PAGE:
Your contract with a buyer’s agent will usually stipulate that the agent’s commissions – typically about 3 percent – be paid out of the seller’s proceeds at closing. Does that mean the seller pays? Well it does and it doesn’t. Since you, the buyer are the one taking the cash to the table and the seller is taking the cash away from the table, there’s a convincing argument to be made that you are paying for both real estate agents. Of course sellers usually don’t see it that way.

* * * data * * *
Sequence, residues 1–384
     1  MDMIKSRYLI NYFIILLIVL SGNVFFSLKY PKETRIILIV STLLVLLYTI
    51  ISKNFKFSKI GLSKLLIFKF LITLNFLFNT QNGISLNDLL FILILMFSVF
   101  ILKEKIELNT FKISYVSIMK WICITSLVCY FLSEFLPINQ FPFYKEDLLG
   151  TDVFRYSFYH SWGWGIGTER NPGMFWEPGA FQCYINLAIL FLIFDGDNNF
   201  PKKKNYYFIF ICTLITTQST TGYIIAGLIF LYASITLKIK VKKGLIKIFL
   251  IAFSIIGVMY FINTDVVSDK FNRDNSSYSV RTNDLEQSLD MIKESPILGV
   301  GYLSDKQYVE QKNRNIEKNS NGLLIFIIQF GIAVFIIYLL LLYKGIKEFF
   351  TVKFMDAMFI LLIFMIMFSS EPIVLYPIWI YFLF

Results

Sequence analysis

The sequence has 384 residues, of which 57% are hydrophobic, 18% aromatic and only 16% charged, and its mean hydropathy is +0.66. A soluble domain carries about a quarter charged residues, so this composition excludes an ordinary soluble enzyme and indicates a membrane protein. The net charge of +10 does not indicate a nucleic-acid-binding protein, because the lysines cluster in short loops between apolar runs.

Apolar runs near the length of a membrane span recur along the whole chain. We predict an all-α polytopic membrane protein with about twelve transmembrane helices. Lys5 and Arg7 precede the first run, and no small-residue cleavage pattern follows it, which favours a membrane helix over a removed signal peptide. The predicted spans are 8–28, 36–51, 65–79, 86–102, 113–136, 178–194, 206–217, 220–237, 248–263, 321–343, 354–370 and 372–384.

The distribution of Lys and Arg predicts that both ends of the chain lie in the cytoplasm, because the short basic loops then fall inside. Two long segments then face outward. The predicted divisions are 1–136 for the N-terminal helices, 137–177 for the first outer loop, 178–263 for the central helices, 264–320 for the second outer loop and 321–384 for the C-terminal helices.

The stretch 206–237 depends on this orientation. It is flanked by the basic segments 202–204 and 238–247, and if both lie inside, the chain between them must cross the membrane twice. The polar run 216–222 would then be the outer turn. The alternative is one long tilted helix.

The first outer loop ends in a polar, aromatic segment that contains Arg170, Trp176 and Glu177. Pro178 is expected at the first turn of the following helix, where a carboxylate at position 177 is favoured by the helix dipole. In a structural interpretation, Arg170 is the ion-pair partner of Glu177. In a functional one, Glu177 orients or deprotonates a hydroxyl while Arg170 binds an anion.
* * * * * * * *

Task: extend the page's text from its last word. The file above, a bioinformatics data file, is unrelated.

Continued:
In practice, the real estate commission comes off the top of the sales price. On a $300,000 home, that’s a commission of $15,000 to $21,000 which is 5 to 7 percent of the price, right off the top. That sum will be split among the sellers’ and buyers’ agents and their respective brokers. Legally, real estate agents must work under the umbrella of a licensed broker. The split is not necessarily fifty/fifty depending on your market. Some sellers’ agents will agree to discount their commission to 5 from 6 percent. But they will offer buyers’ agents the same split which is 3 percent of the sales price that they would get if they had not agreed to discount their own fee. If you decide to buy a home that’s FSBO without an agent then you may be on the hook for paying the buyer’s agent commission yourself, unless you can convince the seller to pick it up as a condition of the sale. When signing a contract with a buyer’s agent, keep your sights on the short term. A three-month agreement should be long enough. You can always extend it if you haven’t found a home by the end of three months.